The Immigration Service has powers to detain. In the recent Home Office white paper a clear intention to detain more asylum seekers was noted as part of a commitment to return increased numbers of failed asylum applications. Children are sometimes detained as part of family groups, rather than be separated from their carers, though without an assessment by a child care specialist that this is in the child's best interest. The immigration service reserves the right to detain unaccompanied children in exceptional circumstances.

  There is no automatic right to a bail hearing and thus we cannot assume that there is always judicial oversight when children are detained. Even when there is an appearance before a court cases would be heard before a judge/adjudicator experienced and specialised in making decisions concerning children. There are no Immigration detention facilities that provide the necessary support for unaccompanied children and indeed such children would be detained alongside adults. Many (if not all) staff working in detention facilities are not subject to employment checks and very few receive training in identifying and responding to child protection concerns.


  The asylum determination procedure is complex. Most children within families would not lodge their own claim but would be linked to an adult family member. Thus many children do not have an opportunity to present their cases for asylum which could have substantive differences to that of the person to whom they are linked.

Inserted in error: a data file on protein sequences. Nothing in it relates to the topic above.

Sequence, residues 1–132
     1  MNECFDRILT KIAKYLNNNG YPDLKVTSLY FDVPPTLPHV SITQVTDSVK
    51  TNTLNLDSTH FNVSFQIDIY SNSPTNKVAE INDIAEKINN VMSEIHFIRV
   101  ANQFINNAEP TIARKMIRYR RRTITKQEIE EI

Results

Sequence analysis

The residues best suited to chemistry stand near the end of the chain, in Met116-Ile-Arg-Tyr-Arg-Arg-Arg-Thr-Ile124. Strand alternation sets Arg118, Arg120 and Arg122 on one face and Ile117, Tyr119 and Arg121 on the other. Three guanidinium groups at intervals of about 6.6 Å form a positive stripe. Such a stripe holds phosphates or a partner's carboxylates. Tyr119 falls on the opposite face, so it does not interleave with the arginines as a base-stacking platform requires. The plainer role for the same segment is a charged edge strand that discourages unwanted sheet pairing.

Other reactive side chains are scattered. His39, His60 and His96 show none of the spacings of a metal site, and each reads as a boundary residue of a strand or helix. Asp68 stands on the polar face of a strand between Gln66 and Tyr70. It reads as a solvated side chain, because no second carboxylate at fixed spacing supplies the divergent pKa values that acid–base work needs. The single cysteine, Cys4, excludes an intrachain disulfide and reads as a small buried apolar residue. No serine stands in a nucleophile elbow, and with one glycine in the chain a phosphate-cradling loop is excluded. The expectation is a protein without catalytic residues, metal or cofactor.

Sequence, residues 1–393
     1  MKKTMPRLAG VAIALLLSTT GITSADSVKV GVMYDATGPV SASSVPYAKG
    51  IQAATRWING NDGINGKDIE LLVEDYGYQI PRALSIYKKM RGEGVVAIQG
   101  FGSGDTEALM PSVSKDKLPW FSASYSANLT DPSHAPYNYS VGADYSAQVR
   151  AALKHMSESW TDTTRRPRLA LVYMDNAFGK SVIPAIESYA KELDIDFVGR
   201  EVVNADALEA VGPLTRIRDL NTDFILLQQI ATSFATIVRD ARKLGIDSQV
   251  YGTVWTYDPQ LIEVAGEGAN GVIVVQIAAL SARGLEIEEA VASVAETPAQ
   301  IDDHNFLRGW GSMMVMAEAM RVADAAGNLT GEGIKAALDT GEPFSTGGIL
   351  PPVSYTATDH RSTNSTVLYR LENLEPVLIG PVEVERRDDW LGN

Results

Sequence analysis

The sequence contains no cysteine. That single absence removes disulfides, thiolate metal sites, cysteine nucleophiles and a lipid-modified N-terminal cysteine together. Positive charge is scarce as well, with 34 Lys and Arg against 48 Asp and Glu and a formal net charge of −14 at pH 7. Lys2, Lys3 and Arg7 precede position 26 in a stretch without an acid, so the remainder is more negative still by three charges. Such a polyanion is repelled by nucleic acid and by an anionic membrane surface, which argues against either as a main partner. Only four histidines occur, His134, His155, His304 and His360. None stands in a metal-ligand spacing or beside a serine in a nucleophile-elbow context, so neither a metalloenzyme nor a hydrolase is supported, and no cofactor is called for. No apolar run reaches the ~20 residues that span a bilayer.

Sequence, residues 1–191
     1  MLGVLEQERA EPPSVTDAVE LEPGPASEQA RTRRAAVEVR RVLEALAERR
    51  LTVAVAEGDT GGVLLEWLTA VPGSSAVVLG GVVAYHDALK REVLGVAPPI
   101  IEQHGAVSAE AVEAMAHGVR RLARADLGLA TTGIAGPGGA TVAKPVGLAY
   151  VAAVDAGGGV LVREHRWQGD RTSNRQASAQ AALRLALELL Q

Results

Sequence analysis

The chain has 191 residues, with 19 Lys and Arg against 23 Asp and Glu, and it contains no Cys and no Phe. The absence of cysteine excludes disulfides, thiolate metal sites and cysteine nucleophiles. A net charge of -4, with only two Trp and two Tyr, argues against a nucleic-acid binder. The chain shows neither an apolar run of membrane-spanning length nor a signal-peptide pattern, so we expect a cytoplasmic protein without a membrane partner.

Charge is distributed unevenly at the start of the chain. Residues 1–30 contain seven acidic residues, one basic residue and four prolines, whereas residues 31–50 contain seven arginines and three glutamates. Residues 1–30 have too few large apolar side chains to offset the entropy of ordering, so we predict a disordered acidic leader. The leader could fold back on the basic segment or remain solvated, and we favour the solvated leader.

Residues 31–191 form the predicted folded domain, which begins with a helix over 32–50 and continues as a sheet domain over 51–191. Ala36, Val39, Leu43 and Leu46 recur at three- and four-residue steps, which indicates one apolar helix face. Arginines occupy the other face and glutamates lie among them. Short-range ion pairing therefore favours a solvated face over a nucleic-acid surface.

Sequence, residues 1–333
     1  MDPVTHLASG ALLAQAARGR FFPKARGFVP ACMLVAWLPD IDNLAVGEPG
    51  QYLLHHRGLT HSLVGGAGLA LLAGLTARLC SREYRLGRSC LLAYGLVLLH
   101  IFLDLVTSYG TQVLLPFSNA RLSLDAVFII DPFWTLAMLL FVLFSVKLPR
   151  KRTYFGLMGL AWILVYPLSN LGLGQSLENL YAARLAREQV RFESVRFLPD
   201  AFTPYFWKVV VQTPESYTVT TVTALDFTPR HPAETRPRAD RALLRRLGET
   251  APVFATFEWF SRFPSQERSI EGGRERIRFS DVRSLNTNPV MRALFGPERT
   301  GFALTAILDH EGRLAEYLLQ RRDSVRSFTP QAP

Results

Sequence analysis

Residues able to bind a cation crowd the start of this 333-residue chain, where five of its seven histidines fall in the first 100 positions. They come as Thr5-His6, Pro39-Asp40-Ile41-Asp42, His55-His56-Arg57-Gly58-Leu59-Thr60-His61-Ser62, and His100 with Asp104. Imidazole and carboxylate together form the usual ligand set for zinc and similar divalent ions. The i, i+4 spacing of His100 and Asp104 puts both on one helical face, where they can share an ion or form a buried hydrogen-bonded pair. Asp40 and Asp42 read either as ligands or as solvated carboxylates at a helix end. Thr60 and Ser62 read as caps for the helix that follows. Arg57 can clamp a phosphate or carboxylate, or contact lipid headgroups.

There is reference in the immigration rules regarding the gathering of information relating to the asylum applications of unaccompanied children and the decision making process but the UK effectively subjects unaccompanied children to an adult asylum determination procedure. It is not possible to divert unaccompanied children into a child-focused procedure because there isn't one. An unaccompanied child who appeals against a refusal of asylum is liable to find themselves before an appeal hearing. The safeguards that would normally exist in other court settings for children, whether they are in family proceedings or a juvenile court are not in place in Immigration appeal hearings. For example adjudicators do not specialise in working with children, welfare reports are not available, there is no independent representative such as a guardian ad litem to advocate on the child's behalf, and there is not provision to protect children when they are being interviewed about traumatic experiences.

  The paperwork relating to asylum applications is always in English and interpreters appointed by the Home Office or the courts do not necessarily have skills required for working with children.


  There is little demonstrable commitment to family reunion, whether in the UK, in a safe third country, or in the country of origin in relation to unaccompanied minors. Indeed even where unaccompanied children have been granted a status allowing them to remain in the UK the right to family reunion is discretionary.

  Children arriving alone to be reunited with family often experience difficulties with the practicalities of joining their families, particularly if the family group have been dispersed. There is provision for the National Asylum Support Service to find transport costs but confusion abounds as to how to access this funding. Younger children may be unable to travel long distances unescorted and again there appears to be a lack of clarity around the responsibilities of various agencies to facilitate this.

  In concluding this submission it should be noted that many refugee children are alone, isolated from their communities and vulnerable. They are often unfamiliar with the processes and systems in the UK or what entitlements to care and support are. Many feel either uncomfortable about challenging agencies that are not upholding their rights or they do not know how to set about doing this. A Children's Commissioner would be a very positive step towards ensuring that the rights of refugee children are fully addressed thus giving them an opportunity to rebuild their lives and enhance the opportunities to achieve their full potential.

22 November 2002